Vietnamese Sweet Potato Curry

This recipe completes the set; 10 twists on Jamie Oliver’s 10 recipes to save your life. It has been an honour to share recipes for such an important cause. The concept is simple: master these basic recipes and you’ll be empowered to cook good, nutritious and delicious food for yourself, and your family. If you can learn to cook those dishes, you can easily extend your repertoire to a whopping 1oo dishes with our twists and tweaks.

Vietnamese curries are milder than Thai curries but you can always add extra chilli as a garnish if you like it hot.

This curry starts with a paste that will deliver the wonderful aromatic flavour – you could always buy a paste, but I like to do things properly.

Ingredients:

Vietnamese Curry Paste

  • 1 lemongrass stalk, tough outer leaves removed
  • 1 thumb-sized piece of galangal or ginger, peeled
  • 4 garlic cloves, peeled
  • 3 shallots, peeled
  • 2 small green chillies
  • 1 tsp ground turmeric
  • 1 bunch coriander stalks
  • 1 tbsp fish sauce
  • 1 tbsp palm sugar or light brown muscovado
  • Juice of 1 lime
  • 1 tbsp groundnut oil

 

Sweet Potato Curry

  • 1 large onion, sliced
  • 2 garlic cloves, sliced
  • 3 tbsp Vietnamese curry paste
  • 400ml coconut milk
  • 600g sweet potato, peeled and chopped
  • 200g green beans, halved
  • 1 handful of spinach
  • dash of fish sauce
  • 1 tbsp palm sugar
  • 1 red chilli
  • 2 tbsp groundnut oil
  • coriander leaves

Method:

Begin by blending the curry paste ingredients together.  vietnamese-ingredients

curry-paste

You can keep the spare curry paste in an airtight sterilised jar in the fridge or freeze it for future use.

Fry the onion and garlic in the oil for a few minutes and then stir in 3 tablespoons of the curry paste.

Cook it out for a couple of minutes and add the sweet potato, palm sugar, fish sauce and coconut milk.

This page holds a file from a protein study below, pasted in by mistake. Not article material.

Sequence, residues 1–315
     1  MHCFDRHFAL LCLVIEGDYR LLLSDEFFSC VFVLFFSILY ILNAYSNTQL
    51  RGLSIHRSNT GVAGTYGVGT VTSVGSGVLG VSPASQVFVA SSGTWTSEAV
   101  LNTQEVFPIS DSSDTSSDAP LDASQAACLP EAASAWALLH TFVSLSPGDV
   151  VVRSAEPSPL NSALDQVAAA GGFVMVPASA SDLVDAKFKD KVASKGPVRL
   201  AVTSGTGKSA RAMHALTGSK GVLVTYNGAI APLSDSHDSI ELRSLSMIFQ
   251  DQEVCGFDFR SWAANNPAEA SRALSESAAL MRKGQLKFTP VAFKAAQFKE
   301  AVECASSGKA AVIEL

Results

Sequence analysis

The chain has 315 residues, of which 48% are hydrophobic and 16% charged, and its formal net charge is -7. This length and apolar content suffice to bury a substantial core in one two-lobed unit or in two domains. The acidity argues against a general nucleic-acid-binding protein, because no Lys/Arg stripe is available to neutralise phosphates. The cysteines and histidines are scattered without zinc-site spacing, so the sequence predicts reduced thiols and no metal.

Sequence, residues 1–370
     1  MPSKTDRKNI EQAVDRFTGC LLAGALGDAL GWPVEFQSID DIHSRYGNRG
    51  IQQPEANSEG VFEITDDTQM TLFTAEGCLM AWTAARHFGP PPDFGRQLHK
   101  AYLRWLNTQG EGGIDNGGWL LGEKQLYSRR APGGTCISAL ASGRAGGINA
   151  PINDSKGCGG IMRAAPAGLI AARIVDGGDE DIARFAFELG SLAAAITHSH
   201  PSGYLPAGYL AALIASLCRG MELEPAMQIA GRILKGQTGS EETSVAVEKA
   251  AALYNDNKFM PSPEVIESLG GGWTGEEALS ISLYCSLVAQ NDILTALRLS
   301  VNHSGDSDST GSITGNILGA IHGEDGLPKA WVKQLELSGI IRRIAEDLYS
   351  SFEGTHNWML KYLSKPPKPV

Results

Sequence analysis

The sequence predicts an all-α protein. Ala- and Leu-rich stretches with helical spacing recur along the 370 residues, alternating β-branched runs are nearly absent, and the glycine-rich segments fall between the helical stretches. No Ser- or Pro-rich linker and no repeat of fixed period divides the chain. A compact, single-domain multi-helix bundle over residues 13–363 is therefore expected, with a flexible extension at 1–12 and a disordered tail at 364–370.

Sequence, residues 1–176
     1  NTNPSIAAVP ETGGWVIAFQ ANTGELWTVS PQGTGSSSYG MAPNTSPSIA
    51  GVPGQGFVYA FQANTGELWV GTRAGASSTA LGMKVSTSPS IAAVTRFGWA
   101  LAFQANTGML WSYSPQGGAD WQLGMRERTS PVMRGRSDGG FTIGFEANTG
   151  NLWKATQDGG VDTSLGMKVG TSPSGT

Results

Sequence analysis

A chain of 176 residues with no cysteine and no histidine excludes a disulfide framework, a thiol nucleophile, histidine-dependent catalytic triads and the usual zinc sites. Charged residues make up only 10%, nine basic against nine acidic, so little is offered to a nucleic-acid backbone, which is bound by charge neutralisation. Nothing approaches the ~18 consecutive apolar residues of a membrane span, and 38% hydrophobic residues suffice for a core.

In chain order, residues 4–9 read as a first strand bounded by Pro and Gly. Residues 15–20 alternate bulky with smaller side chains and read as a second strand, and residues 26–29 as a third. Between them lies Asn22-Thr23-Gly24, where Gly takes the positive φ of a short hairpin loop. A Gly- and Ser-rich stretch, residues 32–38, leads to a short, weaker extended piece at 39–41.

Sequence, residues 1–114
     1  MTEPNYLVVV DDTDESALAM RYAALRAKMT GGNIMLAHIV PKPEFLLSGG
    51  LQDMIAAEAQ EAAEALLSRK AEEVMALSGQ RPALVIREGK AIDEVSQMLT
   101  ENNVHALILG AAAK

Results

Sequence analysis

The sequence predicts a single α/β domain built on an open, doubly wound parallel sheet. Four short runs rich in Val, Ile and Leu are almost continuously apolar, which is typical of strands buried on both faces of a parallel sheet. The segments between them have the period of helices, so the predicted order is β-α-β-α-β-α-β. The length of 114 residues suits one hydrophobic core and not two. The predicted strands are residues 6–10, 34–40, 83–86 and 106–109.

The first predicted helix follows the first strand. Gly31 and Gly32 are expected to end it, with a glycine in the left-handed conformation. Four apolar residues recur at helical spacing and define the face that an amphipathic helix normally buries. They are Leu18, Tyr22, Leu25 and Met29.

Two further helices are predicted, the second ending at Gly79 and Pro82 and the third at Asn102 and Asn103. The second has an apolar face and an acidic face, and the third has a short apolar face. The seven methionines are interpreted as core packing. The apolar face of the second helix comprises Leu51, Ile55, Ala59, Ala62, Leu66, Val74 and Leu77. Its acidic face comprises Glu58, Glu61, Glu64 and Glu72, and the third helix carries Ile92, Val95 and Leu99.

Reduce the heat, cover and simmer for 20 – 30 minutes until the sweet potato is tender.

Taste the curry, you may want to tweak the flavour with a dash of fish sauce or sprinkling of palm sugar.

Add the green beans and spinach and cook for another 5 minutes until the beans are tender.

vietnamese-s-p-curry

I serve this dish with cauliflower rice, fresh red chillies, fresh coriander leaves and a wedge of lime, but it would work well with rice or even noodles.

You can add chicken to this recipe if you like, but to be honest, I really don’t think that it needs it.

Enjoy!

World Food Programme Falafel

This month’s Food Revolution Challenge comes to us from the World Food Programme (WFP).

The FamilyChef Project shares recipes from around the world – it helps people to explore the culinary treasures and cooking abilities of refugees benefiting from WFP’s cash and vouchers (an initiative that enables individuals to buy the food they need to cook their traditional dishes).

Wherever you are in the world, food is a symbol of dignity and freedom. We’ve opened out our cookery series so that even more of the people we serve across the globe can share their wonderful recipes with you. So check out some of their traditional dishes, get cooking and don’t forget to share your culinary efforts with us on social media!

Take a look at http://www.wfp.org/cash-and-vouchers/familychef-recipes-field for further info.

So our June challenge is to cook one of these traditional dishes and share it; I went for the falafel as it’s something I utterly adore, yet have never actually cooked before. Obviously I’d have tried the Caterpillar Surprise if they’d been in season…

split peas and chick peas

falafel mixture

falafel

Falafel combo

There’s no question that this is going to be a regular feature in our household – I just adore the combination of falafel, houmous and chilli sauce.

There’s a number of different methods for making falefal, but Nurfel’s Syrian version has got to be the easiest.

Give it a whirl!

Harissa Houmous

Love Houmous (or hummus even)?

Fancy a little twist to spice things up?

How about a super-simple Harissa Houmous for a change; my twist on Jamie Oliver’s Simple Houmous recipe

Harissa is the North African equivalent to Gochujang or Sambal Oelek chilli pastes.

Ingredients:

  • 400g tin of Chickpeas
  • 1 tbsp Tahini (sesame seed paste)
  • 1 tbsp Harissa Paste
  • 1 Lemon
  • Extra Virgin Olive Oil

 

Method:

Rinse and drain the chickpeas in a sieve or colander, and place them in a food processor. Add the tahini and harissa with about 1 tbsp of olive oil. Squeeze in half of the lemon juice, pop the lid on, and blend away.